Updated: May 11
Rebuilding America’s Navy requires a strategy that educates and inspires, expands shipbuilding capacity and gives Sailors greater career flexibility
The Association of the United States Navy today released a policy paper that identifies several factors that have prevented the Navy from building a fleet of 355 ships, the goal mandated by federal law since 2017.
Today’s fleet is just under 300 ships, and while supporters of a strong Navy often call for higher numbers, AUSN believes several coordinated steps need to be taken before that can happen – including educating and inspiring students, supporting vocational education and commercial shipbuilding, expanding our view of how Navy ships contribute to diplomacy, and increasing the incentive for Sailors to stay in the Navy.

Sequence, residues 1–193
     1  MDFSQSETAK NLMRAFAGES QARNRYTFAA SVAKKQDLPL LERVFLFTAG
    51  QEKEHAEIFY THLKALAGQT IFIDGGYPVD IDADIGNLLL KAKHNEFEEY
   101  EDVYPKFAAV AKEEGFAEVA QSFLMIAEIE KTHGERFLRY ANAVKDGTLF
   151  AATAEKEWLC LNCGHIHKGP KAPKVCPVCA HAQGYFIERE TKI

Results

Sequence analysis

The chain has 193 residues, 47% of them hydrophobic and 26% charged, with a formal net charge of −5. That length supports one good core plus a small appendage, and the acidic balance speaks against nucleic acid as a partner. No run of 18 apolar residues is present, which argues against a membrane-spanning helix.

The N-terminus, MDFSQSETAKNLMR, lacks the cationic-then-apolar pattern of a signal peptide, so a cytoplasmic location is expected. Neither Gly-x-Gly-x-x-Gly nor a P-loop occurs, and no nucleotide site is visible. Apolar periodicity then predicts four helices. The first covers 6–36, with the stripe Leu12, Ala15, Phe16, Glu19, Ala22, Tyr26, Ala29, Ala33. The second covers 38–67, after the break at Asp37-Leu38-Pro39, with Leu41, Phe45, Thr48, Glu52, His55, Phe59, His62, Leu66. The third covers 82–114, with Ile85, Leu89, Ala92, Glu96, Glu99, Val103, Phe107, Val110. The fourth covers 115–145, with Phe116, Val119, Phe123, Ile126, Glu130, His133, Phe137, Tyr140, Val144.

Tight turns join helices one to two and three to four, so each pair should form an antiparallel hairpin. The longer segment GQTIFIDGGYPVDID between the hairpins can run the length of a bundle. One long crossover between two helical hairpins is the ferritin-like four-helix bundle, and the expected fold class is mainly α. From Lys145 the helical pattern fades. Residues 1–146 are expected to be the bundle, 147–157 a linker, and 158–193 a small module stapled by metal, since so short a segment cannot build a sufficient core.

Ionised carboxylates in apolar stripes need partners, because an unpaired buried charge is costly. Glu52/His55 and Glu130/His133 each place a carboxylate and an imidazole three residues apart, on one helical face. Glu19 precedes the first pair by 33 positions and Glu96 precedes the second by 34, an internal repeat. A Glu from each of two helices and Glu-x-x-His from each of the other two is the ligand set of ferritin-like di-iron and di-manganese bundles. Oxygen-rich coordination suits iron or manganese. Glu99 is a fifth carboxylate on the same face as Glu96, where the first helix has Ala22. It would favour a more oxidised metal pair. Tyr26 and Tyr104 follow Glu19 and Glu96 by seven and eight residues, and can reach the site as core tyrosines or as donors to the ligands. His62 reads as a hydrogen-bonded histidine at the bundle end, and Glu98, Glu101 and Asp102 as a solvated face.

“We believe America supports a strong Navy, one that rivals the fleet that deterred Russia during the Cold War,” said AUSN Executive Director Jason Beardsley. “But we simply can't pull down a lever and have more ships appear. America must rethink its economic policies to support a larger fleet, and raise an educated and inspired new generation of Sailors to man these ships.”
“We hope this paper helps identify the hurdles to reaching these goals so that we can act together to achieve them,” Beardsley said.